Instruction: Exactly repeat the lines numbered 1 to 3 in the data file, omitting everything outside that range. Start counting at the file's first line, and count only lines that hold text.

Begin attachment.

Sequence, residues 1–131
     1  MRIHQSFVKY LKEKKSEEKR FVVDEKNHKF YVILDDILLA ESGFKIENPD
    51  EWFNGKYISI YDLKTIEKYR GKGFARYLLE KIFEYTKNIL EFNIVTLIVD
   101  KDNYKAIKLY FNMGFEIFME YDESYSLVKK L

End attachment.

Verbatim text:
Sequence, residues 1–131
     1  MRIHQSFVKY LKEKKSEEKR FVVDEKNHKF YVILDDILLA ESGFKIENPD
    51  EWFNGKYISI YDLKTIEKYR GKGFARYLLE KIFEYTKNIL EFNIVTLIVD